Caleb Williams, born to a poor family laboring on the estate of the wealthy Ferdinando Falkland, is raised to be honest and virtuous, with an active mind and healthy body. Though of limited means, Caleb learns to read and write. Mr. Collins, the chief administrator of Mr. Falkland's estate, notices Caleb's progress, and, after the death of Caleb's parents, Collins recommends Caleb for service to Mr. Falkland. Mr. Falkland, though a cultivated and not unkind master, has a reserved and distant manner and at other times seems to be possessed by “paroxysms” that cause him to retreat into “a solitude upon which no person dared intrude.” He employs Caleb as his amanuensis, and Caleb thus finds himself frequently in the company of Falkland. During his employment, Caleb surprises Mr. Falkland at some mysterious activity concerning a locked chest in the library. Mr. Falkland, “sparkling with rage,” accuses Caleb of being “a spy” and terrifies Caleb by his irrational outburst. Though Mr. Falkland later expresses regret and gives a gift of money to Caleb, Caleb confides his confusion about the day’s events to Mr. Collins who then narrates the story of Mr. Falkland.
Ferdinando Falkland’s aristocratic lineage was not wasted on him. He cultivated his mind, body, and virtues and brought them all to bear upon improving the general welfare. He was active in executing the requirements of good governance and good management, respecting the structures by which his culture distributed in equitable fashion the fruits of individual labor. He found expression for this gallantry in the stories of Italian epic poets such as Boiardo, Ariosto, and Tasso. However, he was also exposed to the darker side of such codes of chivalry as practiced by the Italians—namely, the use of duels and assassination to rectify perceived slights to one's honor. In one instance, he acquits himself, through the use of reason and straightforward talk, of a charge of seducing the Lady Lucretia away from her betrothed, Count Malvese. Thus in a display of Falkland’s genius, he expresses an understanding of “things as they are” concluding to Count Malvese, “Let us...learn to avoid haste and indiscretion, the consequences of which may be inexpiable but with blood.”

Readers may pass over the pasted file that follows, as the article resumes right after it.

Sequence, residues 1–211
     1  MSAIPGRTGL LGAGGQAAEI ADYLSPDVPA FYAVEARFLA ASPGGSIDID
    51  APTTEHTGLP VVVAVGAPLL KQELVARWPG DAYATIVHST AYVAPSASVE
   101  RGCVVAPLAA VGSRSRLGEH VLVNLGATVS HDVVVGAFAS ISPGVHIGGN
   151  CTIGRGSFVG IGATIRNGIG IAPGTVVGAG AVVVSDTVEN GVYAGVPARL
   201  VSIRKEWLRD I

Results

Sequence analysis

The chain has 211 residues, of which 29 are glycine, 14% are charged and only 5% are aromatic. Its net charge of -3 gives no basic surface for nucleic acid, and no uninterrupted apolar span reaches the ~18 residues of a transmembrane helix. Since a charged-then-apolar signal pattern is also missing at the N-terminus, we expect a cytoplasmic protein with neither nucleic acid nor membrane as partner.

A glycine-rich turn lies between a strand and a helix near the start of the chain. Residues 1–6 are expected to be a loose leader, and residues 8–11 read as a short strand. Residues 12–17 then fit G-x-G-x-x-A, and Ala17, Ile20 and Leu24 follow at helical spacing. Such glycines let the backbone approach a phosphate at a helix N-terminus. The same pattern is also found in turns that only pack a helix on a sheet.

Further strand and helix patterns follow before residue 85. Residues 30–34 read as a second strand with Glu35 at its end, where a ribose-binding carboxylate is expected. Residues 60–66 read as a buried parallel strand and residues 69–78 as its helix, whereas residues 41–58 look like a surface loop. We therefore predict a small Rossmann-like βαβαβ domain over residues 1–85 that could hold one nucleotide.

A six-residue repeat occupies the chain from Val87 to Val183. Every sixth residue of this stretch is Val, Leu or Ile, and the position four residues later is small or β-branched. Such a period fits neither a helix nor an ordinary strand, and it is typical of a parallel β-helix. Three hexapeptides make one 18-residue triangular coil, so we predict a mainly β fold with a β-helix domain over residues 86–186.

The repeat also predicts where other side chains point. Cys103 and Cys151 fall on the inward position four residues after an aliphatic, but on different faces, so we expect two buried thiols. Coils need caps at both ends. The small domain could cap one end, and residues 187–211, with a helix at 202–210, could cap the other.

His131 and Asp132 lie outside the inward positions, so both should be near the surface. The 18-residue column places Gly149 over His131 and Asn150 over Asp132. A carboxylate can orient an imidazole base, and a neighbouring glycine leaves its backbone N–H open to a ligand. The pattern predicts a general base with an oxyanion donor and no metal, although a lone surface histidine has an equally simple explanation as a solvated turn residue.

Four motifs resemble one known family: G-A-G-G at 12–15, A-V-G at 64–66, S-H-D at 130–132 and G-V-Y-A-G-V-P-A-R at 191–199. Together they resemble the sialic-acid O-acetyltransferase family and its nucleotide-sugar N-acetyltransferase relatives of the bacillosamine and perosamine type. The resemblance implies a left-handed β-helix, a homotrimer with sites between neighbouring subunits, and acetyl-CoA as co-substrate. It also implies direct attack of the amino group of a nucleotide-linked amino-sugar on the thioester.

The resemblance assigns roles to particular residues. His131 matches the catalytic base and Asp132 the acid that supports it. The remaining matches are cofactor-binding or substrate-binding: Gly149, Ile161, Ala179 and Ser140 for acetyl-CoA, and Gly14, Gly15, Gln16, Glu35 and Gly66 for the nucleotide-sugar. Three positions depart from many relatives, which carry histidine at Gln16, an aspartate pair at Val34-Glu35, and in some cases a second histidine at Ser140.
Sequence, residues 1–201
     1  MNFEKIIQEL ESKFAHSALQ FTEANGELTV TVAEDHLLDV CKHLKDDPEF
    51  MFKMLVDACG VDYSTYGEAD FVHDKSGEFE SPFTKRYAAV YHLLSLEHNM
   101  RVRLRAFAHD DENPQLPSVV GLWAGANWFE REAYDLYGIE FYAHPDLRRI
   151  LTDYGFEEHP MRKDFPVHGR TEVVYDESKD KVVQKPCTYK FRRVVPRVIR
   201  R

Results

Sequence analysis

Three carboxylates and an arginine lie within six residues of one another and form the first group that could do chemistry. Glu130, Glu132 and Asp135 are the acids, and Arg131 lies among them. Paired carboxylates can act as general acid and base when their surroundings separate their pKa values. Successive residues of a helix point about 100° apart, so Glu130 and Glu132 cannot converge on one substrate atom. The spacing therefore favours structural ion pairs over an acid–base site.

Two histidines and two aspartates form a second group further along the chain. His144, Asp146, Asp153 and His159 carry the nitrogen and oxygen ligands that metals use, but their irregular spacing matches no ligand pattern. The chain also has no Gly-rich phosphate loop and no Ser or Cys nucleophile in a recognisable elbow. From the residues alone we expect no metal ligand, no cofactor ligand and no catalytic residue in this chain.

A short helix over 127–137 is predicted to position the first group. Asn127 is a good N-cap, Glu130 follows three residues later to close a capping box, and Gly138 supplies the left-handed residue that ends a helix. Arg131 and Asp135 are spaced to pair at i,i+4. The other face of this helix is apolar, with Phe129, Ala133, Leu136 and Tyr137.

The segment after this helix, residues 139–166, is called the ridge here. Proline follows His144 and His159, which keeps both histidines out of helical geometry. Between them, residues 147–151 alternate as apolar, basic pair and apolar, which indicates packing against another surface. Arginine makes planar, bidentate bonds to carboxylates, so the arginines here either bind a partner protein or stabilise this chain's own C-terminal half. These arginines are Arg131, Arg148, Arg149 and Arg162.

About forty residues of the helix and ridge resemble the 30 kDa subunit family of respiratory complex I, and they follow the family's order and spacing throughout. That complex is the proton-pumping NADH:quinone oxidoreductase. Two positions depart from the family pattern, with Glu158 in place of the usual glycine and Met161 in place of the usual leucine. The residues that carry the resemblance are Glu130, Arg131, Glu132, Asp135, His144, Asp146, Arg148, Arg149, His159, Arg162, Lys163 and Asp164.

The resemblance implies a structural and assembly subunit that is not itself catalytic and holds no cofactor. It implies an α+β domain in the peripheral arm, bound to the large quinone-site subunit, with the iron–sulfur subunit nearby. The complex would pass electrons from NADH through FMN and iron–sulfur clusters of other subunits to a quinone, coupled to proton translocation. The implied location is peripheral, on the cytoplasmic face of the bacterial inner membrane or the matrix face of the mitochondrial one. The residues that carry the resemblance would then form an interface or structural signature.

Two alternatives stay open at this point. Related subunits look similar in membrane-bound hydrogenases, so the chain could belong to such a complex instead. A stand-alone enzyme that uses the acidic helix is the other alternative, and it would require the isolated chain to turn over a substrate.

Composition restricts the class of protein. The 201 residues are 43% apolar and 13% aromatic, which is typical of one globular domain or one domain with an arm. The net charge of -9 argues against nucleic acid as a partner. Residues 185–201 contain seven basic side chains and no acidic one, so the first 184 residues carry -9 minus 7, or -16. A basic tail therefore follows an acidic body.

This incident is ironic since it bears so much on the turn of events that take place when Falkland returns to England. His aristocratic neighbor, Barnabas Tyrrel, exercises all the freedoms that property and position have given him and few of the responsibilities. Fierce in defending his own prerogatives, Tyrrel tramples on the rights and needs of any of his dependents who violate his sense of his own privilege to do exactly as he wants. He is a bore in the society of his equals, but due to his rank, he is generally accepted into their gatherings and, indeed, because of his physical prowess, is looked upon as a good catch for their daughters by many local families. The arrival of the physically smaller but otherwise gifted and well-mannered Falkland overshadows Tyrrel, and thus finding himself eclipsed by the grace and abilities and charms of Falkland, Tyrrel develops a hatred for him. Those among the lower classes whom Tyrrel has oppressed turn to Falkland for assistance; the ladies who once humored Tyrrel now favor Falkland; and society speaks glowingly of Falkland's accomplishments.
In one instance, an independent-minded farmer, Hawkins, is thrown out of his tenancy by a neighbor of Tyrrel's, and to spite his neighbor, Tyrrel sets Hawkins up on a farm on his estate. When Hawkins crosses Tyrrel, Tyrrel allows the full weight of his malevolence to fall on his tenant, destroying his crops, closing up access to public roads through his property, and eventually having Hawkins’s son imprisoned on trumped up charges.